Tying up floppy bamboo

We've had a lot of heavy rainstorms lately. Pretty much every day for the last week or so. It's not that we're getting huge storms that last for hours -- we're getting small, strong storms that dump a good amount of water in a short time.


This tends to flatten out plants. At least we haven't had hail yet -- that flattens a bit but mainly shreds. I'll take flattened over shredded plants any day. In the case of my bamboos though, I can do something about the floppiness: tie them up!


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First up is my Fargesia dracocephala 'Rufa', or often just called Fargesia rufa. It's a great clumping bamboo that can take the hot, humid summers and cold winters that the St. Louis area has.

For whatever reason (possibly because it gets too much sun), the larger of my two Rufas is floppy. Although it adds a lot of new culms each year and just gets bigger, the culms aren't very strong. So when all of the leaves come in, the culm can barely support their weight. Add some rain to the mix (heavy or not) and the culms just can't do it.


Tying it up gives it the support it needs, and restores it to looking it's best. I used some short metal conduit lengths as stakes, then used a loop of house wiring (keeping to the theme I guess) to go around the plant, lifting the culms and supporting them. I wanted something with a little more structure than rope or twine, and the wire sure has that.


I also tied some of the center culms together with twine to make them stand more upright, giving more height to the middle of the plant.


It's really beautiful now, isn't it?


Moving on to this planting of Phyllostachys bissetii which is along my driveway:


The new shoots were about 8 feet tall this spring, but as soon as all of the leaves opened up, the culms bent over, taking up a good portion of the driveway (although it's a part we don't drive on, hence using it for plants and storage of other garden project materials).

Since this is a long, narrow planting, I'll make a rope "railing" to hold the drooping culms up off the driveway. First drive some conduit poles in:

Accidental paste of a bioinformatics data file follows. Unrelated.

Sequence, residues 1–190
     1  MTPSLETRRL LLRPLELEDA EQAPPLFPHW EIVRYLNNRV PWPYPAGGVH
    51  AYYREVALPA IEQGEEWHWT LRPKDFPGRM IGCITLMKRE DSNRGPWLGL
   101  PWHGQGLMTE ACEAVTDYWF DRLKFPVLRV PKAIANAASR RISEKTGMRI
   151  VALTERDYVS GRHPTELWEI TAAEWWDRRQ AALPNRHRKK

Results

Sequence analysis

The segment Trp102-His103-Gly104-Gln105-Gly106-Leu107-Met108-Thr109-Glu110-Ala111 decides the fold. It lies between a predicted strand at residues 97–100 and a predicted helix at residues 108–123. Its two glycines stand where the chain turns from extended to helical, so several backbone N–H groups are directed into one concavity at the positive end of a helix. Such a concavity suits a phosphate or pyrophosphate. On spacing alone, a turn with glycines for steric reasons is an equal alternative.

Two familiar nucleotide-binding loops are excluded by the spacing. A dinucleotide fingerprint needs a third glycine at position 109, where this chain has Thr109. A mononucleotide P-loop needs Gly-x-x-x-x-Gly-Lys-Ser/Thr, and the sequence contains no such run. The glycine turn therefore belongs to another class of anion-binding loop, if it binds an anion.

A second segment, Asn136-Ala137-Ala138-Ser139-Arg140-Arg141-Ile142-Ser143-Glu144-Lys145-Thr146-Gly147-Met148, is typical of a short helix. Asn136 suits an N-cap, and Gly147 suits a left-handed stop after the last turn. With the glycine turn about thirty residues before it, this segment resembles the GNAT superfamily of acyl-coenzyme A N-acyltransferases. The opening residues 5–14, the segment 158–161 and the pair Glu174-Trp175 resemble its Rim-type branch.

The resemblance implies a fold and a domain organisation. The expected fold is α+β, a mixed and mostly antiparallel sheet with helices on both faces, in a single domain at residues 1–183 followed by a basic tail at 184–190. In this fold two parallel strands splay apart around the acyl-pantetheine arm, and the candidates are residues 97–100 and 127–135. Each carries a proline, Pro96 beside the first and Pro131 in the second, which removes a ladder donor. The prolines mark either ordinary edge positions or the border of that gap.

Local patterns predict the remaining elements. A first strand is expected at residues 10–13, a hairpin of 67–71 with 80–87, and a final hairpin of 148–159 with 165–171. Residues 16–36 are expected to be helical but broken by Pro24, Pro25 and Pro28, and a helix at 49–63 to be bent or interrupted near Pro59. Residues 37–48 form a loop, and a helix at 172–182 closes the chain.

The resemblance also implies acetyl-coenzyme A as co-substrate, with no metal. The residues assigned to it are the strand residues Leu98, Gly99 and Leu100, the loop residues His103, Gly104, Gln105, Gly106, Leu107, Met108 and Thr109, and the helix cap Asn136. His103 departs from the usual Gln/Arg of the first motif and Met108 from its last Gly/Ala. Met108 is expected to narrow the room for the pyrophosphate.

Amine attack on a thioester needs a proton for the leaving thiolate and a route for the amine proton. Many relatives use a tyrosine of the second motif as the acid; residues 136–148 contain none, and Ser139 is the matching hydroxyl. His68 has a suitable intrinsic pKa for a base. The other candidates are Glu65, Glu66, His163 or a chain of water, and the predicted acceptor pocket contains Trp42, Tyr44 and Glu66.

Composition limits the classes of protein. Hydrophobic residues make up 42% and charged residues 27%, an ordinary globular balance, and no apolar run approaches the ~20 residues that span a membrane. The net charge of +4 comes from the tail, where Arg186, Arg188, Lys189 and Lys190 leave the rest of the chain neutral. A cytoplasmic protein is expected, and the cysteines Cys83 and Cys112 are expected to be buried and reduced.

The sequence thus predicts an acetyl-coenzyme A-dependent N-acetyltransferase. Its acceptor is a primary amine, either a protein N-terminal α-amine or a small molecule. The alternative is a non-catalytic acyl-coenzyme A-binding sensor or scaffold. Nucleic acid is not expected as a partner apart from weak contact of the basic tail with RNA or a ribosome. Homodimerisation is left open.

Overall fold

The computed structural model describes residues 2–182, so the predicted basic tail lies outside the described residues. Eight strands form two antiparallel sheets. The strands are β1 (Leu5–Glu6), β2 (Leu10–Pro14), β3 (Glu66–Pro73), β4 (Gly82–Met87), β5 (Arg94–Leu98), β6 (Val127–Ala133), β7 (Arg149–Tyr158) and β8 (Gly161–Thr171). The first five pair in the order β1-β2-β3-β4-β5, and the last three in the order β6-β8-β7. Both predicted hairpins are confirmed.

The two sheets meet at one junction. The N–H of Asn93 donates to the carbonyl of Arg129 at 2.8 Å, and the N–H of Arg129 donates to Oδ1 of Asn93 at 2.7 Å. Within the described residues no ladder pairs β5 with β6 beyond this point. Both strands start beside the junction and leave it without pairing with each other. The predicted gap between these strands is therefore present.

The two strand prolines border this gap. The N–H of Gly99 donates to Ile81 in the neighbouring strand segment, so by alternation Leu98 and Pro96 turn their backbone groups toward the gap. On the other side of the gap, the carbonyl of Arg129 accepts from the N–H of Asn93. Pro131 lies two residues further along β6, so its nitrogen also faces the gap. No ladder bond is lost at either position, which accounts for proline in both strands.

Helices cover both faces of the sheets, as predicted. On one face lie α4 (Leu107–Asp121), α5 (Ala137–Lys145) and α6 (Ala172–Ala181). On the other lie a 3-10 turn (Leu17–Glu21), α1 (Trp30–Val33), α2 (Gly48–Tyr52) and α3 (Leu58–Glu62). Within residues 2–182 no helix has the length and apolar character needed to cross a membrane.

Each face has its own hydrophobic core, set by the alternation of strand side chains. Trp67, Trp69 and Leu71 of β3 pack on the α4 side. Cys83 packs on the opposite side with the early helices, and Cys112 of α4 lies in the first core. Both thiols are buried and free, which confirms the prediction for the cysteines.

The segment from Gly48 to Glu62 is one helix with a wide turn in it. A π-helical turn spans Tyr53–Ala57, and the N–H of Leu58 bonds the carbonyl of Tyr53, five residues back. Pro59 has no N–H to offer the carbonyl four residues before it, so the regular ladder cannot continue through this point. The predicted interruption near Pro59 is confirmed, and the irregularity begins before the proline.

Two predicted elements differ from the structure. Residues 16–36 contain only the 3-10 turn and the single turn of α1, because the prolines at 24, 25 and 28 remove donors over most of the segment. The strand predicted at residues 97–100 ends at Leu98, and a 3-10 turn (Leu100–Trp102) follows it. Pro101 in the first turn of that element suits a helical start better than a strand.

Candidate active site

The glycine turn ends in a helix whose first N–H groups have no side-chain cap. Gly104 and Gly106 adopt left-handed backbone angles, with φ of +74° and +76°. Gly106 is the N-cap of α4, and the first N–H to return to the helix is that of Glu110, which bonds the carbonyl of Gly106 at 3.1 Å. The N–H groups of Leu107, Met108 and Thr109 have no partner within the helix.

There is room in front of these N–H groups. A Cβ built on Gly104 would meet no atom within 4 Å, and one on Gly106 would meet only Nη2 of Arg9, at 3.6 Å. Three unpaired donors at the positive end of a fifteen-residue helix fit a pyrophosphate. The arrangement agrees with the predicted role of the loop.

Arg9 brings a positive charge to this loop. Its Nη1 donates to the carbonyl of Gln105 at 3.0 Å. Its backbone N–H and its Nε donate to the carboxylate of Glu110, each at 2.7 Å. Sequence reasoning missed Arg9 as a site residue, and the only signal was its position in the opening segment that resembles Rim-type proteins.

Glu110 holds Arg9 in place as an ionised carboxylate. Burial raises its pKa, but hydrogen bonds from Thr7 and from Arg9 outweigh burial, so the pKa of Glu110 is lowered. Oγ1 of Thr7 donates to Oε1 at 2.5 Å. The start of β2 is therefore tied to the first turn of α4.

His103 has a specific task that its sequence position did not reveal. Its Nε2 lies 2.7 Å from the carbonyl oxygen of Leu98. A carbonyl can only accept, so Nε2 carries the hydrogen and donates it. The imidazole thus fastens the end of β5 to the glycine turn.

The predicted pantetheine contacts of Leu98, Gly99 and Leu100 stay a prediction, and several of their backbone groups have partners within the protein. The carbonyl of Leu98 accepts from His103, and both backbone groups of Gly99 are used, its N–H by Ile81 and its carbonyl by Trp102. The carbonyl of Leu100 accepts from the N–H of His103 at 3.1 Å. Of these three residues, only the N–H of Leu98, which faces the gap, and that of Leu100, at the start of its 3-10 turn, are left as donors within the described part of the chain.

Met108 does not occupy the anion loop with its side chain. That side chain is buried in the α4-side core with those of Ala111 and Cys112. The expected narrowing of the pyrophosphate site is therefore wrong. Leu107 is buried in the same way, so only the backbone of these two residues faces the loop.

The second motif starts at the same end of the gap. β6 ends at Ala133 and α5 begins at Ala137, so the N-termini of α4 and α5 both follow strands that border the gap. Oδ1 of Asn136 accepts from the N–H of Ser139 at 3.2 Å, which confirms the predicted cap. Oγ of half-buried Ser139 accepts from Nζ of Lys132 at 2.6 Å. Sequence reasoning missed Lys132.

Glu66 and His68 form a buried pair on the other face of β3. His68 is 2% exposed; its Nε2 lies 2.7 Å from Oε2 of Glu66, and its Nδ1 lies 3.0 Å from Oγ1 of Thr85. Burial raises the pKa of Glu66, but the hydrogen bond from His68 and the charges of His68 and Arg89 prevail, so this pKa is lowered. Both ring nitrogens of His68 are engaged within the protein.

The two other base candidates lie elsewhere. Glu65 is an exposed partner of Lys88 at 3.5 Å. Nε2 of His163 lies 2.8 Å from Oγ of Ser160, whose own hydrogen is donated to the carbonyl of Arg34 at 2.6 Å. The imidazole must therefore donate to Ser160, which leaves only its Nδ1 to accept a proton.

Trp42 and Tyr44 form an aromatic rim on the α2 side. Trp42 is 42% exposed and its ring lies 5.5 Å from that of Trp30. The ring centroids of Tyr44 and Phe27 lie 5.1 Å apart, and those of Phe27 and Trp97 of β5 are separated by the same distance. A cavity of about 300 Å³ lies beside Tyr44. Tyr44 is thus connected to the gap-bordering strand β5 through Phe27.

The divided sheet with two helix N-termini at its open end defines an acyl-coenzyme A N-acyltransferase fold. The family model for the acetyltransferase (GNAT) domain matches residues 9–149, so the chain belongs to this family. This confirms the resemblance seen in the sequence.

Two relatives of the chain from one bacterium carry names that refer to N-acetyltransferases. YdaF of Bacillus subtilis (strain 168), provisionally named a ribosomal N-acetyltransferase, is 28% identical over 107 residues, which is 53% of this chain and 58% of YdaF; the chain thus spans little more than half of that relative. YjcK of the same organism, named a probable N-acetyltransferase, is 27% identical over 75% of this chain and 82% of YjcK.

Then get the rope strung between the poles.


I like natural ropes and twines. They won't last as long as poly rope, but they just "feel right" for the bamboo I think.


Once the rope is up, I've restored some of the bissetii's height, and cleared up several feet of driveway space again.



The final bamboo I'll tackle (in this post) is Phyllostachys aureosulcata, or it's common name "Yellow Groove":


This one is about 12 feet tall, maybe a little more. Its culms are sturdy enough to support the weight of the leaves when dry, but when dripping wet, it's arch city:


These culms are really blocking paths:


and when bent over like this, they don't really provide much privacy. I did get a good look at this cardinal nest though, which I couldn't really see when it was being used a few weeks ago:




Even though the culms (canes) will probably straighten most of the way up once the leaves dry off, I don't want them falling over this much every time it rains (as I said, nearly every day recently). So I'll tie culms on opposite sides of the grove together, so they will pull in opposite directions and hold each other up.

The other option was to wrap all the way around the grove, pulling all of the culms together and forcing them upright. I just didn't see how I'd be able to do this, even though it would only require one tying instead of many.


I have to tell you that I got completely drenched working in this plant. Sopping, dripping wet. I got the plant upright though. My path is now clear again:


Our privacy has been restored too:


In another year or two the culms on this plant (and the bissetii) should be large and strong enough so that arching or drooping is not a big problem. Until then, I'll be tying up any culms that get in my way.

Next up, this plant that's between the patio and the driveway:


It's currently blocking two of the three staircases that lead down to the patio, so I need to do something soon! Not today though -- I've had it with wet bamboo for now.

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